3. Challenges for Massively Social Games
(Opportunities for Cloud Computing)
1. Platform Challenge
2. Content Generation Challenge
3. Game Analytics Challenge
4. The CAMEO Framework for Game Analytics
5. Lessons Learned About Cloud Computing
6. Conclusion
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Research Challenge:
Solve the Platform Problem of MMOGs
The Platform Problem of MMOGs
Scaling quickly to millions of players, efficient hosting
- 1M in 4 days, 10M in 2 months
- Up-front and operational costs
- Response time & Scalability
ACM SuperComputing
IEEE
TPDS
2010
(in print),
Cloud Futures Workshop2008
2010 – +
Cloud
Computing
Support
for Massively
Social Gaming
IEEE CCGrid 2009, ACM NetGames 2009 + IJMCA (invited)
12
Research Challenge:
Solve the Content Problem of MMOGs
The Content Problem of MMOGs
Generating content on time for millions of players
- Player-customized: Balanced, Diverse, Fresh
- Up-front and operational costs
- Response time & Scalability
A. Iosup, POGGI: Puzzle-Based Online Games on Grid
Infrastructures EuroPar 2009 Best Paper Award +
Elsevier CCPE 2010 (accepted)
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Research Challenge:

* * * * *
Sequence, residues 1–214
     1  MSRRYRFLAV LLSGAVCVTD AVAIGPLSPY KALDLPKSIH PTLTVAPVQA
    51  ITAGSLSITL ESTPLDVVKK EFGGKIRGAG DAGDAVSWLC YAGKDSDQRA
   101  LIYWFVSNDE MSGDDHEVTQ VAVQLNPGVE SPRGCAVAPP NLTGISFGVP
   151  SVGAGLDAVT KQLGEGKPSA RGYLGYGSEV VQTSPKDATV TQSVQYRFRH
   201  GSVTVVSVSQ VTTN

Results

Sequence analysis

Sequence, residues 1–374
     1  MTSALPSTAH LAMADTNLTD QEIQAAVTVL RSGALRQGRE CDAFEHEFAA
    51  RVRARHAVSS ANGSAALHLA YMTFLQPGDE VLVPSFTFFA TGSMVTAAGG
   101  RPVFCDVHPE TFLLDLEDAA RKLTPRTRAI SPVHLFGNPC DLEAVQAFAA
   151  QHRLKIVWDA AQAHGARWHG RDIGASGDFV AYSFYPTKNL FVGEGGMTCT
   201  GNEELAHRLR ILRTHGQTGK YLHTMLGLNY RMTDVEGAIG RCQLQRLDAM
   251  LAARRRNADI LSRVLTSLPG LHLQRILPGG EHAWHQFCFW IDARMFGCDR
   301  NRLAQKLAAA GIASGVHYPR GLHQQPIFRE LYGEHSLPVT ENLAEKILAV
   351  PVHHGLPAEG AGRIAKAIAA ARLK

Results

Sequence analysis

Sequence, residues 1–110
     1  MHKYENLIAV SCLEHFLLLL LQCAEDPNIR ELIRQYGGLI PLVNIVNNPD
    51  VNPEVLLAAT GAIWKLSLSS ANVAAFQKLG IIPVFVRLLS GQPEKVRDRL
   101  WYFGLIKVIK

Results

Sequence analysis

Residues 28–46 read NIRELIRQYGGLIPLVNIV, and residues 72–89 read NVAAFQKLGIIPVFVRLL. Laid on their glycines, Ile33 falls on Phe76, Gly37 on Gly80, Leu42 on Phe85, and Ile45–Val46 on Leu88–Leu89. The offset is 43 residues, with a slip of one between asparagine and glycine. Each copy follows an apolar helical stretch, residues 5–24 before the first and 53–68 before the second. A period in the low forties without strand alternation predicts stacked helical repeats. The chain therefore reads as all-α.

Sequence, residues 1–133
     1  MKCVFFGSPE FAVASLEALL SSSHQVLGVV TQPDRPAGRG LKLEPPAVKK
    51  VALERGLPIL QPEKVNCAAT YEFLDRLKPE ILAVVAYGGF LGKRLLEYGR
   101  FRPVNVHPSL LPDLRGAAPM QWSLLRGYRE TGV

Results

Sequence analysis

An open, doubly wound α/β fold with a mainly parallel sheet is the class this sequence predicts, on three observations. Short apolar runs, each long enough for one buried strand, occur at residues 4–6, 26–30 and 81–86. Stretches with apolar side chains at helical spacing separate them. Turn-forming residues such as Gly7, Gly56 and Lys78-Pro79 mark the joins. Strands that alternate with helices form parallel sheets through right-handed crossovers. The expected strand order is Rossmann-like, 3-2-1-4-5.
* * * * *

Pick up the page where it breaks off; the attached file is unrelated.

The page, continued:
Solve the Analytics Problem of MMOGs
The Analytics Problem of MMOGs
Analyzing the behavior of millions of players, on-time
- Data mining, data access rights, cost v. accuracy, …
- Reduce upfront costs
- Low response time & Scalable
ROIA 2009
Cloud Futures Workshop 2010 – Cloud Computing Support for Massively Social Gaming
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Agenda
1. Background on Massively Social Games
2. The Mission Slide… Actually, Slides
3. Challenges for Massively Social Games
(Opportunities for Cloud Computing)
4. The CAMEO Framework for Game Analytics
5. Lessons Learned About Cloud Computing
6. Conclusion
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Third-Party Game Analytics
Continuous Analytics for MSGs
Analysis of raw and derivative MSG data s.t.
important events are not lost
• Millions of users for most popular games (WoW, RuneScape, *Ville)
• State-of-the-Art third-parties: analytics for 10,000s players
• Dynamic size of relevant data (user activity peaks)
• Users have different requirements (accuracy vs. cost)
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The CAMEO Framework [ROIA09]
Continuous MSG Analytics on the Cloud
•
•
•
Use own resources for continuous or predicted load
Use cloud (on-demand, paid-for, guaranteed)
resources for sparse or excess load